Julie is absolutely delighted to be returning to the Cambridge Folk Festival 2022, for not one but two performances – one with her own band and another with the incredible Spell Songs crew. It’s promises to be a cracker of a weekend, with some brilliant names on the bill and more to be announced. For line-up and ticketing information, see here.
Announcing Julie’s involvement in the new expansion to the Ubisoft game Assassins Creed Valhalla, Wrath of the Druids, which has just been released. Julie spent time last year collaborating with renowned musician and composer Einar Selvik to create songs for the game soundtrack.
You can watch the trailer here https://www.youtube.com/watch?v=nhdnos2tPYI
and the full album soundtrack has also been released worldwide on Lakeshore Records
Full Album: https://youtu.be/wTAvdXlUcwc
Buy link: https://smarturl.it/ACV-WOD
as part of the new Folk Alliance International Artists In (Their) Residence project in partnership with Chris Thile.
Julie has launched a new range of merchandise today! Cosy organic hoodies, ocean blue organic and vegan friendly t-shirts and funky retro ringer tees – all of which have the ‘alterum’ insignia. All garments have been carefully and ethically sourced, and there is also now an opportunity to purchase a high-definition download of alterum with an item of clothing at a special bundle price.
All garments are unisex, and sizing guides can be found on the shop. Thanks for supporting independent musicians!
Julie is delighted to be involved in this beautiful project – The Promise. Written by Nicola Davies, with illustrations by Laura Carlin, Julie was invited to read the Gaelic version of this powerful story which examines our connection to nature and the importance of green spaces in our urban landscapes. It is a story of hope for change, and also includes readings of the Acorn poem by Robert Macfarlane with accompanying music from the Lost Words Spell Songs.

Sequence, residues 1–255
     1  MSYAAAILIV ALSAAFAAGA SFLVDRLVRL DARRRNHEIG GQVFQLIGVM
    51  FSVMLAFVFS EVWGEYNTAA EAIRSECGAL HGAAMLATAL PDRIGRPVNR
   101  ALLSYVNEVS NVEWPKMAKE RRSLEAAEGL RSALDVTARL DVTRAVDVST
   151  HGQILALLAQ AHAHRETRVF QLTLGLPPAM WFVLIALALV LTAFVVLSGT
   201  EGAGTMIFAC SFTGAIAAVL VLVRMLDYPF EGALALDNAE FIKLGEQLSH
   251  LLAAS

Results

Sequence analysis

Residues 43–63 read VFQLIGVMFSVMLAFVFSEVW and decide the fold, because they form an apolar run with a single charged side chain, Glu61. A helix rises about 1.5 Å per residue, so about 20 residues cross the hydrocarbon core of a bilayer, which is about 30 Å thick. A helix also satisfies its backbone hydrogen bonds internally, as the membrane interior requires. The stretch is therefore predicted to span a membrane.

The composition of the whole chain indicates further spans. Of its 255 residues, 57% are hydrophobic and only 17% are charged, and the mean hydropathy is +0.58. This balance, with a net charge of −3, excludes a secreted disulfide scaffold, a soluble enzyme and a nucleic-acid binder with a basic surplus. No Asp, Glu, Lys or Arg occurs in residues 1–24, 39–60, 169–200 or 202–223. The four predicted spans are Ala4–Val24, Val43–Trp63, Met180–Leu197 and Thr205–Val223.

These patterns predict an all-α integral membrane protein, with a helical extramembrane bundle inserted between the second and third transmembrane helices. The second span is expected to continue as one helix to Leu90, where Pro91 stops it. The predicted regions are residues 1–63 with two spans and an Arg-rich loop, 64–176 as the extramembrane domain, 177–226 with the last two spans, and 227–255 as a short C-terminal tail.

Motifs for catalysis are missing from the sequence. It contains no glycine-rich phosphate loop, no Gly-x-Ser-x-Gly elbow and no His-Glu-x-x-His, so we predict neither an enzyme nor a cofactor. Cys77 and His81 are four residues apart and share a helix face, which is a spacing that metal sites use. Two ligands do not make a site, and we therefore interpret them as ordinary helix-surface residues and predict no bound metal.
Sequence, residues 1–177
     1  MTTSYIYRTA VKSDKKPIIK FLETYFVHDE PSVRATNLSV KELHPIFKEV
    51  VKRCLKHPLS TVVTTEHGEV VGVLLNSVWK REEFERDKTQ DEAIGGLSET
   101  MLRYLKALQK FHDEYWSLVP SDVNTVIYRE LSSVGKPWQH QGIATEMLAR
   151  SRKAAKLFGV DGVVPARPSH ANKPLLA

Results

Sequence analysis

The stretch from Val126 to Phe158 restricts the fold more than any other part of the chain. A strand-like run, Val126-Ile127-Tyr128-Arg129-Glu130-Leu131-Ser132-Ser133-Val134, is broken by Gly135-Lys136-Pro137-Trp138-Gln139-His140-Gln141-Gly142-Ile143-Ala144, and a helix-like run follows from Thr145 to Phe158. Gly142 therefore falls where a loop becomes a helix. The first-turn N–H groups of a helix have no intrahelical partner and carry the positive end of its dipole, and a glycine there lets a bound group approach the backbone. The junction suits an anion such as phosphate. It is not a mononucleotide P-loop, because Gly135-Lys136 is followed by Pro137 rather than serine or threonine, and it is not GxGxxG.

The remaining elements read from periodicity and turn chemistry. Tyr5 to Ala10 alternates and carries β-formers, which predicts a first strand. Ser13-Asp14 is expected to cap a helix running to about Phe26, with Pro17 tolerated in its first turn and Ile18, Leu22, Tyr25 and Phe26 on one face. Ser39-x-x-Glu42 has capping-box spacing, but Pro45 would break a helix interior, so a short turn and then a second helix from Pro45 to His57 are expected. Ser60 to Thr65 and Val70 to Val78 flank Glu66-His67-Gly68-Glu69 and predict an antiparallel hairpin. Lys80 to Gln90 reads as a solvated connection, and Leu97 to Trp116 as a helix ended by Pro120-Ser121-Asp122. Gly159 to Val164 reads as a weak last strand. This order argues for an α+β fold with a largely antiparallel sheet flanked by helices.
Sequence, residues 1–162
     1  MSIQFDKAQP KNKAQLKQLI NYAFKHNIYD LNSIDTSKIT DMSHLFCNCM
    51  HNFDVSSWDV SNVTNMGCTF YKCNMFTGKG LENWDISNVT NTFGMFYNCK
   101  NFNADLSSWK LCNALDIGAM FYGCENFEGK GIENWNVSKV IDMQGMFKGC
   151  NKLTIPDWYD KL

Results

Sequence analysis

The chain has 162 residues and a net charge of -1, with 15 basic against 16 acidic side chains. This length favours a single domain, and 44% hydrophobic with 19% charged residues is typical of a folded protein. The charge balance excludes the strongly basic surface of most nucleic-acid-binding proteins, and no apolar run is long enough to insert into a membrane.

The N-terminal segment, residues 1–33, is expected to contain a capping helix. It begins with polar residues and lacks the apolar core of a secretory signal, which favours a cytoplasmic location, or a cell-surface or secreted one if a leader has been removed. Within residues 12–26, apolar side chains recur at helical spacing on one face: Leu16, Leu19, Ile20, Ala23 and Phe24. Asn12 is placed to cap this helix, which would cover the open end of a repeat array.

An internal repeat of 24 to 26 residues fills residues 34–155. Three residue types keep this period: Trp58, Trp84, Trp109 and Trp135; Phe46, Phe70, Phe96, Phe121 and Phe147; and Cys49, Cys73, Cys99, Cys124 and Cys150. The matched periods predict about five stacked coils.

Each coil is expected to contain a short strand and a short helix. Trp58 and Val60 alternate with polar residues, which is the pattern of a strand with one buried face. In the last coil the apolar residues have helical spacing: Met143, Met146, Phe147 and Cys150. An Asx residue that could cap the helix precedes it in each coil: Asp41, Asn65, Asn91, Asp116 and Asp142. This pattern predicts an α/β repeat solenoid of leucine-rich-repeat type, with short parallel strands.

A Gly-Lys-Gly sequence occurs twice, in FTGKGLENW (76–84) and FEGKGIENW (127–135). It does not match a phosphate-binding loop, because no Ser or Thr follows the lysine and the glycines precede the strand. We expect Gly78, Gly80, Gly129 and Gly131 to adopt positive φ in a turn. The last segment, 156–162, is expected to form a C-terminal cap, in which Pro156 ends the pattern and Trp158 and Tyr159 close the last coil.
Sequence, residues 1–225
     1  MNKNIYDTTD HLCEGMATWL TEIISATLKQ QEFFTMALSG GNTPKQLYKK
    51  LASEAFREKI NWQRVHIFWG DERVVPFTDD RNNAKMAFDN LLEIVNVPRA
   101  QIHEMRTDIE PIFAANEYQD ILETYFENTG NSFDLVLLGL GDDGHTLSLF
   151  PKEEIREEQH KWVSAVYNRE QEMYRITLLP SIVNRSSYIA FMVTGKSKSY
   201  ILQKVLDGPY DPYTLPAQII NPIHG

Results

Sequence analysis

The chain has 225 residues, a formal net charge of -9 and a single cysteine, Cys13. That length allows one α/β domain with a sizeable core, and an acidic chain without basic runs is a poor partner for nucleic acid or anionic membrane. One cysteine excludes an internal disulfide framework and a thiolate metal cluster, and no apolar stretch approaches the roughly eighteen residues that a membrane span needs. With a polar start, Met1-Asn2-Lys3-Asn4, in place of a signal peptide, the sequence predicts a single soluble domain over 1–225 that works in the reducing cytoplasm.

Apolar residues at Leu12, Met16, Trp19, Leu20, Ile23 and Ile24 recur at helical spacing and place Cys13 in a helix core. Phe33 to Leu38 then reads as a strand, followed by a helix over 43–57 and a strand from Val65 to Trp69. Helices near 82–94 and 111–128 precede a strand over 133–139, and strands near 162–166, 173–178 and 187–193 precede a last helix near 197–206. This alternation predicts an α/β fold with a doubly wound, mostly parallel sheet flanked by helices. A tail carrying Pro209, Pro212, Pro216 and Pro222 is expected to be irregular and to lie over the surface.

For educators – there are resources available here: https://www.thepromise.earth/screening
A’ Ghàidhlig le Raghnaid Sandilands. Nach sgaoil sibh an naidheachd?
The thoughtful Gaelic translation is by Raghnaid Sandilands. Please share the story, and enjoy!
TV alert! 📺
Julie and Éamon will be playing a song for Susan Calman tomorrow night on BBC Scotland alongside Janey Godley, Ashley Storrie, Robert Florence and Joe MacFadden on her new show, Socially Distant.
Tune in at 8.30pm.
**Watch from 2pm today at the Folk on Foot YouTube Channel**
Julie is delighted to be part of this amazing virtual folk festival on Easter Bank Holiday Monday. Supporting UK musicians whose livelihoods have been decimated by the coronavirus lockdown, 50% of all the proceeds will go to the charity Help Musicians UK.
You can donate here: https://www.folkonfoot.com/festival
The festival will have performances from Bella Hardy, Beth Porter plus the Bookshop Band, Jon Boden, Karine Polwart, Kerry Andrew (You Are Wolf), Kris Drever, Lisa Knapp and Gerry Diver, Martin Simpson, Nancy Kerr and James Fagan, Peggy Seeger, Rachel Newton, Sam Lee, Seth Lakeman, Steve Knightley plus Julie and Éamon Doorley. Folk on Foot will stream back to back on their YouTube channel and Facebook page in a virtual festival hosted by Matthew Bannister starting at 1400 on Monday 13th April. You’ll be able to kick back with a foaming pint or a cuppa in a front row seat in your front room and enjoy the show.
Julie was recently invited to talk to The Cultural Frontline on the BBC World Service about Gaelic language and song.
Faodaidh sibh èisteachd ris a-rithist aig a’ cheangal gu h-ìosal.
Unlike other BBC services, anyone worldwide can listen at this link below.
Tonight on BBC 4 TV at 2030:
Upstream is a new film by the writer Robert Macfarlane and the director Rob Petit. The film, which is shot entirely from the air, follows the course of the River Dee in Scotland all the way to its source in the Cairngorm mountains, the highest of any river in Britain. With a prose poem written especially for the film by Macfarlane (and voiced by Julie) and an original score by the Oscar-nominated composer Hauschka, the film takes as it epigraph the words of the Scottish writer Nan Shepherd (1893-1981): “One cannot know the rivers till one has seen them at their sources”, wrote Shepherd, “but this journey to sources is not to be undertaken lightly.” (The Living Mountain, 1977).
Eerie, hypnotic and experimental, this groundbreaking polyphonic film weaves together field-recordings of the river, and the birds and creatures which live along it, the place-names and stories – dark and light – of the Cairngorms, creating a ‘songline’ that draws the viewer up, against the flow, into wildness, winter and strangeness.